Anaheim Mayor Harry Sidhu has single-handedly restricted Council comments to two five-minute intervals on each agenda item after he removed from the agenda a policy proposal that would’ve cemented it to the city’s meeting procedures.
“Upon further consideration I think we are best served if we as, council members, can govern ourselves without adopting this proposal at this time as a hard and fast rule,” Sidhu said. “I’m going to suggest to my city council colleagues that we informally practice what I originally proposed in this item … starting this evening, I’ll ask all to limit the discussion on each item to two rounds of five minutes each.”
Sidhu originally tried to get the City Council to vote on the rule limiting discussion at the April 16 meeting, but he appeared to lack majority support to pass it and the Council voted to continue the procedural change to this week’s Tuesday, May 7 meeting. But Sidhu removed the proposal from the agenda before Tuesday’s meeting started.
When the item was up for discussion at the April 16 meeting, some council members expressed their hesitancy to vote for it.
Problems with Sidhu’s freshly minted speaking rule began to show as Tuesday’s meeting wore on.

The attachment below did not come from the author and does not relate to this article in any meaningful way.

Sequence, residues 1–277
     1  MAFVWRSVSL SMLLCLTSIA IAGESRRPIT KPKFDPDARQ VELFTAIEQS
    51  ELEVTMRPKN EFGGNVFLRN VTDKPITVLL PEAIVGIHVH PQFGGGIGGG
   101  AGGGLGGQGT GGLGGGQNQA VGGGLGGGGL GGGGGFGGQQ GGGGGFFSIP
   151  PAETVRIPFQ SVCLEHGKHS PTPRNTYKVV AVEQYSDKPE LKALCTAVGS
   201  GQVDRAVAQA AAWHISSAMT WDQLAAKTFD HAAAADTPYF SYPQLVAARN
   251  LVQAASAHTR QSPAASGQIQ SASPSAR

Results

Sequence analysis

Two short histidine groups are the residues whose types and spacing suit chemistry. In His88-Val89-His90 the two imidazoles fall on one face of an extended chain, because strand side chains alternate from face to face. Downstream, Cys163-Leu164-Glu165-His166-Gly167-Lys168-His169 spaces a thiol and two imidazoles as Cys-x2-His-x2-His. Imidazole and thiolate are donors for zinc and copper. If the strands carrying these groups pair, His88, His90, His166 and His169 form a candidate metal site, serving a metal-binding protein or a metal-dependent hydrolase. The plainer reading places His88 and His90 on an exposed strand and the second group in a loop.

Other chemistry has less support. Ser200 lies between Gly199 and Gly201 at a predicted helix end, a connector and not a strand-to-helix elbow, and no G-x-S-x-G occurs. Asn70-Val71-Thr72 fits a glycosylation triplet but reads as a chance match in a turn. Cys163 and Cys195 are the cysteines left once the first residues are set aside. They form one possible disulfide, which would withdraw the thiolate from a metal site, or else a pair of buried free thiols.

During deliberations on joining the Orange County housing trust, a regional body aimed at building homes for homeless people, Councilman Jose Moreno tried to get amendments made to the way the trust’s board votes.
Moreno unsuccessfully tried to bar housing trust board members from voting on a developer’s contract if the person received campaign contributions from them.
“We saw two articles today in the media that I think are troubling to our residents about how folks who contribute to our campaigns may or may not have an undue influence,” Moreno said, referring to articles about Anaheim First published by Voice of OC and OC Weekly.
“I love the initiative (housing trust), I think it’s great … but if we’re going to participate as the biggest city that has a lot to gain from this, then we got to make sure that the contracts that are provided, the monies that are distributed are not a function of campaign contributions,” Moreno said.
Moreno motioned to push back partnering with the housing trust in an attempt to get the trust to change its bylaws before voting on the item.
His motion failed 3-4, with Sidhu and Councilmembers Stephen Faessel, Lucille Kring and Trevor O’Neil voting no. The yes votes were Moreno and Councilmembers Denise Barnes and Jordan Brandman.
There was some arguing between Kring and Moreno about the housing trust and potential lobbyists involved with it before a vote on Moreno’s unsuccessful second motion to partner with the trust, but also try to get its bylaws changed to prevent members from voting on campaign donors’ contracts.
“Mr. Mayor, can I get a clarification on your rules?,” Moreno asked. “Because I think we’re now practicing them, even though we were supposed to continue it as an actual rule.”
“So for me to have exhausted five minutes earlier was based on one vote but now we have two ensuing votes and I’m limited, per your rules, in the ability to then engage on those two votes because I’ve used up my time … how does that work, we can’t speak to them?” asked Moreno.